This Year is Gonna Rock! Using Inuksuks to establish class rules and beliefs

L’inuksuk

ce vieux sage fait de pierres

nous guide en silence

et nous sert de repère

Classes run smoother when students know what behaviour is expected of them. We built our Inuksuks in September but this lesson could work just as well when you need to fine tune and refresh class rules and routines in January.

Start the discussion with the sensory questions : What does the ideal class look like ? sound like ? and feel like ? using a Y-chart. Students work in pairs then present.

Y-Chart

y Chart

From this discussion you ask them to come up with 3-5 rules that they believe in.

Tell them they will build or paint their inuksuks using these rules. The core foundation of the inuksuk are the legs which represent respect and safety.am1

Students use tagboard to do a watercolour wash for the sky. They then draw and label their inuksuks with the consensus rules and beliefs that will help them work together as a community for the rest of the year. A key principle of First Nations learning states that learning involves recognizing the consequences of one’s actions.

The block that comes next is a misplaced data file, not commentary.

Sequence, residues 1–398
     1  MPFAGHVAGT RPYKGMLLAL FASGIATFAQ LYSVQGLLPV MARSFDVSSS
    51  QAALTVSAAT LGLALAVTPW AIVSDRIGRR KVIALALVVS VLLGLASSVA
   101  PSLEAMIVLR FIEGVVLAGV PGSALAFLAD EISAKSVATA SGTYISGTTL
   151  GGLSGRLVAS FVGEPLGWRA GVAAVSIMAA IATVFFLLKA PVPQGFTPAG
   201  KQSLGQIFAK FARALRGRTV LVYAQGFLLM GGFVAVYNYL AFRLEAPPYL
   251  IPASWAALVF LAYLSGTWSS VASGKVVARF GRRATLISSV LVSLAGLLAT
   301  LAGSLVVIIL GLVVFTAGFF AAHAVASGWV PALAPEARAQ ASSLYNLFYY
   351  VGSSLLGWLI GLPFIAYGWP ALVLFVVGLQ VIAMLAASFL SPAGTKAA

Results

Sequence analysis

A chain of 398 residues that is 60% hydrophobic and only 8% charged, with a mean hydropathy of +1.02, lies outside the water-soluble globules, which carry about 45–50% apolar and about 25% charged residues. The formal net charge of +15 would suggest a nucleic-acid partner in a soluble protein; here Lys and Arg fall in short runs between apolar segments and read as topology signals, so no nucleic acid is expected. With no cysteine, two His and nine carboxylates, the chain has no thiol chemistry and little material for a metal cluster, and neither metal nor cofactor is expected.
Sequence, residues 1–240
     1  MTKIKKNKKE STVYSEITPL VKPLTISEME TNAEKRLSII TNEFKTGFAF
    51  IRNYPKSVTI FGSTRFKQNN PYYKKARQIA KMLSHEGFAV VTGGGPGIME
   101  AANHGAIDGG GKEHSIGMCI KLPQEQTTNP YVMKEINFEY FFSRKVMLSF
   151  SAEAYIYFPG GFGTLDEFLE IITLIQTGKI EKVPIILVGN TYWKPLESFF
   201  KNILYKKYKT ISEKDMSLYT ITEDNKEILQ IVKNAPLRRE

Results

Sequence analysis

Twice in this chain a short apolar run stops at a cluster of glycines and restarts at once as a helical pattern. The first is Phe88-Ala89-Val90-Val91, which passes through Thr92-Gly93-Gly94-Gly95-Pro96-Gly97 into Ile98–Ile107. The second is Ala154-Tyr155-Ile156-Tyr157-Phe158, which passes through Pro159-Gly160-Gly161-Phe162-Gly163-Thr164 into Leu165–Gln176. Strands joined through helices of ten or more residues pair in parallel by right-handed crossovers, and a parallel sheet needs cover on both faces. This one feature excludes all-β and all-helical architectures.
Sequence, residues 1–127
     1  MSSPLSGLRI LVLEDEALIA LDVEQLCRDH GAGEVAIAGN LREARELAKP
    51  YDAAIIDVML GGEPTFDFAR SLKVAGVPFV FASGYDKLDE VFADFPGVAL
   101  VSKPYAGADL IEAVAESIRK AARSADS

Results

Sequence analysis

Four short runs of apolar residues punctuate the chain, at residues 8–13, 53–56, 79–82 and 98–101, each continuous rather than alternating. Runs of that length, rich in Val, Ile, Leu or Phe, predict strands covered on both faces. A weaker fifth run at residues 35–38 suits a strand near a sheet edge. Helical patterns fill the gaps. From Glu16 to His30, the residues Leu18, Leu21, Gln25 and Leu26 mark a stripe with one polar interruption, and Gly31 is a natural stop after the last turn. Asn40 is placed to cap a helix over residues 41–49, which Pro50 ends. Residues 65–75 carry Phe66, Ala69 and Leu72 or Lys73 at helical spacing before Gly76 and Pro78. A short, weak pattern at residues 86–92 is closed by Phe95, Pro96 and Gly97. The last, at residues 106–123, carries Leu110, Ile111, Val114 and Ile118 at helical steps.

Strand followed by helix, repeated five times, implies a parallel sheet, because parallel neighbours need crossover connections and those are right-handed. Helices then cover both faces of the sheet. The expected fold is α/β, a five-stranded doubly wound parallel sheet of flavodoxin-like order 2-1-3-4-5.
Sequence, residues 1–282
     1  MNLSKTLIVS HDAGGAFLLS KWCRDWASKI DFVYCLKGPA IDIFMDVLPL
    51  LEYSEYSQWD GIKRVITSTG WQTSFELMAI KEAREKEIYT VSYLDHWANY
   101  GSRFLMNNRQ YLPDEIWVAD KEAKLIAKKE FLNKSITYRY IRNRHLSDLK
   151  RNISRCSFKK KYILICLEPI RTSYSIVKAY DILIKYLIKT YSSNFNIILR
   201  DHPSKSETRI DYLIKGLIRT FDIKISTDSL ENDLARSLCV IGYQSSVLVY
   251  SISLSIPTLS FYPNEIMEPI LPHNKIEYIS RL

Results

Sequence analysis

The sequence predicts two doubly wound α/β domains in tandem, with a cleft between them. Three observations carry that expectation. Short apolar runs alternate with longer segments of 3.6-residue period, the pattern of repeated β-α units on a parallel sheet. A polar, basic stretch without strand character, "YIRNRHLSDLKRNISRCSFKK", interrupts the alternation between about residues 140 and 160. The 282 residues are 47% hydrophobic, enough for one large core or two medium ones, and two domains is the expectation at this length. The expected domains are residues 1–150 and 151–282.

Restitution empowers students to fix their mistakes and think of how their actions effect others.

I used the kit from the District Library Resource Centre (DLRC) entitled « Chez moi, dans le Grand Nord ».

am 2

Ann Louise Richter

Seaforth

Bonne année à tous

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